I know we’ve jokingly thrown around the phrase “unprecedented times” over the past year, even going so far as to turn it into a drinking game on the Lion’s Share Marketing Podcast, but last week’s events at the Capitol presented a new challenge for marketers. Some moved to pause ads and go silent, others chose to ignore the event together, and somehow, miraculously, no single brand marketing team or agency totally screwed the pooch and cost themselves a considerable hit to their brand equity with a poor choice of words in a social media post or ad in the days after the protests-turned-riots made for an early stain on 2021.

And while not stepping in it is a worthy goal for most marketing leaders during such events, it’s worthwhile to re-examine our roles as marketing leaders during times of national significance. Far too often, marketing leaders are prone to act on behalf of their brands to battle a personal feeling of helplessness when tragedy strikes. While empathy is a core skill for any marketer, immediately moving to act by posting something or launching a new campaign will more than likely be counterproductive.

As marketing leaders, we all need to be willing to hit pause, catch our collective breaths, and ask if the fight, however noble one might perceive it to be, is really the brand’s fight. More often than not, that answer is no, and it’s wise to simply remain silent out of respect for the magnitude of current events and the power of the moment at hand while understanding that most people don’t want to see your brand weigh in on the issue like it just secured a guest spot on a cable news show.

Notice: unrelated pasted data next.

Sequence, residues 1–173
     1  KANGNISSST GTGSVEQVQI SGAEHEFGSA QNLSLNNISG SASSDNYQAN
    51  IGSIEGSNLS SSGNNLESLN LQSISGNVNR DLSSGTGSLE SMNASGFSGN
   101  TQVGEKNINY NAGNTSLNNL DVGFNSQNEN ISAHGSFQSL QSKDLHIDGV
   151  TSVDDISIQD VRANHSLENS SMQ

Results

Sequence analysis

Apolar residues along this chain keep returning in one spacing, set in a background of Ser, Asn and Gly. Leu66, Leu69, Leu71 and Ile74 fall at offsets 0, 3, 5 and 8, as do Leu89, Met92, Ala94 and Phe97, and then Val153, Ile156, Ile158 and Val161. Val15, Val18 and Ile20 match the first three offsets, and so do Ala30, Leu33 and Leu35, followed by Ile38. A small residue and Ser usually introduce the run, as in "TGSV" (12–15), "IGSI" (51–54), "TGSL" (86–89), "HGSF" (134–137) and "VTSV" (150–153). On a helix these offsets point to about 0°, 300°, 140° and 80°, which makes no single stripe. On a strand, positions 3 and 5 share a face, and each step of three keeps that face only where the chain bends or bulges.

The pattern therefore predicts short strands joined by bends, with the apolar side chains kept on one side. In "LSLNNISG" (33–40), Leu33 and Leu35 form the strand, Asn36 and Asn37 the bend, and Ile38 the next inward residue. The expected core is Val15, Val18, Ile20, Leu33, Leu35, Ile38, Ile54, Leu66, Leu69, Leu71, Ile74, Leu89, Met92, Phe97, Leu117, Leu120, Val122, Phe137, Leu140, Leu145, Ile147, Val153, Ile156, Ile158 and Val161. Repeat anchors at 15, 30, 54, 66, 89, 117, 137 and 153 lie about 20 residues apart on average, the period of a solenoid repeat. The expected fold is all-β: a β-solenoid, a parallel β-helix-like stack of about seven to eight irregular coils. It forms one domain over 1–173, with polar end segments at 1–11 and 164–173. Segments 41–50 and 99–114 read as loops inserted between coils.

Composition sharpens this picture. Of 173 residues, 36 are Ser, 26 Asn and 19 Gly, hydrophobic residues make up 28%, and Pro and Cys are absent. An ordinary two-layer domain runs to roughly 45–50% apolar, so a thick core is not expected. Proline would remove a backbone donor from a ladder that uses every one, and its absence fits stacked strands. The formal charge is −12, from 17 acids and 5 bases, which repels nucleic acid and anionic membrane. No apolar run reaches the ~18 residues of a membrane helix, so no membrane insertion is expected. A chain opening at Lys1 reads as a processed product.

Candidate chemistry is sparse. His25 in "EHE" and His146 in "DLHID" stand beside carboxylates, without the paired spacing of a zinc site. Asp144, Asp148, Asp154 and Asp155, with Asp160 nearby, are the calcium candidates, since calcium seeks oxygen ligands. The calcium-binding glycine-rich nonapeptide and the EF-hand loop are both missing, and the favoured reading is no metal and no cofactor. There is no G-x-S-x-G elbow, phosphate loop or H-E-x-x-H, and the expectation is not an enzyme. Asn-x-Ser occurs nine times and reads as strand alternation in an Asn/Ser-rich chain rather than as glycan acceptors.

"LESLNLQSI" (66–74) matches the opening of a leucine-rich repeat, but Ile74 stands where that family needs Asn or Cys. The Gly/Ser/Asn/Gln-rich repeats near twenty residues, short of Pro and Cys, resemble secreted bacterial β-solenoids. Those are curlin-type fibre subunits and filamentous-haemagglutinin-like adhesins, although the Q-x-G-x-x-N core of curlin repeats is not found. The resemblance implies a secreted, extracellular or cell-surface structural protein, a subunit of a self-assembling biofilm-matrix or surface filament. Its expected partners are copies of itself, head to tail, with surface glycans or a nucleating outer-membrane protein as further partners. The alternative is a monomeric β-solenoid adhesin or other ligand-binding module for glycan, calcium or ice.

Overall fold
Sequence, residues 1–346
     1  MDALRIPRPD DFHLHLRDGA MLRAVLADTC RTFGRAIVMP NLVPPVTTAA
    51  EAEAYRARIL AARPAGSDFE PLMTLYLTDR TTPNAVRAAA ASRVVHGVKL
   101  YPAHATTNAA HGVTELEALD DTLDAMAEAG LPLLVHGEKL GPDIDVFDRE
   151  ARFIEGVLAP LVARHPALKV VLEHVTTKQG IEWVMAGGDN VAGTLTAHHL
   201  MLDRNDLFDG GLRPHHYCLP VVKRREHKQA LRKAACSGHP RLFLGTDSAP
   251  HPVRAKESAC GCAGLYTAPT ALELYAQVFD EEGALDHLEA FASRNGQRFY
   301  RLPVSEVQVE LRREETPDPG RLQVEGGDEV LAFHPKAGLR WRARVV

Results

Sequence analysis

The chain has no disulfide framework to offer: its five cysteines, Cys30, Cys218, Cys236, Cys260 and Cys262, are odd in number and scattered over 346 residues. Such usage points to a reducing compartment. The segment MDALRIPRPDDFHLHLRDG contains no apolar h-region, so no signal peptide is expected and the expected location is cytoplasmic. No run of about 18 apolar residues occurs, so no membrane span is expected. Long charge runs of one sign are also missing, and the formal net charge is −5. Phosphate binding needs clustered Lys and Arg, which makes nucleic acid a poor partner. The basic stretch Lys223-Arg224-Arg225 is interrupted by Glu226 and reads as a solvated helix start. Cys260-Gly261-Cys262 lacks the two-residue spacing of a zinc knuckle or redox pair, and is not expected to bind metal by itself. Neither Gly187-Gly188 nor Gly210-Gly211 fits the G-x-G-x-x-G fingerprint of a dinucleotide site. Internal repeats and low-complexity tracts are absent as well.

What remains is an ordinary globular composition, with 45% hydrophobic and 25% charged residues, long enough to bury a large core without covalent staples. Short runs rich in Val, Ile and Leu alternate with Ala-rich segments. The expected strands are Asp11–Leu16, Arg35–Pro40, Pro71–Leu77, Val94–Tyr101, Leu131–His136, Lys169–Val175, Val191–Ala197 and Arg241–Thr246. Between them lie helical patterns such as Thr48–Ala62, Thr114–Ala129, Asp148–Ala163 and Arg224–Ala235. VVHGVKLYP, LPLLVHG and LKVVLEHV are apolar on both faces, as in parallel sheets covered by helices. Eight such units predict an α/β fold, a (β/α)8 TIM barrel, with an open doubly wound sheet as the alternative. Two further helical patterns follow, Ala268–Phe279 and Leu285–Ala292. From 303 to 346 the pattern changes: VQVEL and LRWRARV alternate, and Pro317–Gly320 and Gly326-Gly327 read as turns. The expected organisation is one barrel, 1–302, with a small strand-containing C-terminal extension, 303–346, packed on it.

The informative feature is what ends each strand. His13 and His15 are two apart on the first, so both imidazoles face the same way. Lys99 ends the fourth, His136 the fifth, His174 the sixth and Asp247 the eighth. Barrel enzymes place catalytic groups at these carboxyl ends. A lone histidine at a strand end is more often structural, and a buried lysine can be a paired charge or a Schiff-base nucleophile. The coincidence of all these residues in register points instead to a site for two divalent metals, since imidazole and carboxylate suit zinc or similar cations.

Sometimes, on fewer occasions than most marketing leaders seem to realize, the answer is yes. In those occasions, marketing leaders must guide their brands to responses that are less centered on evoking an emotional response and are more focused on building brand loyalty. Younger generations have shown a propensity to align their loyalty with brands that share their values. But they’ll turn on you just as quick for appearing to capitalize on those values for the sake of your bottom line. That means marketing leaders need to take extra care and guide our brands to thoughtful, supportive responses.

Sometimes the best way to “seize the moment” is to simply take a moment.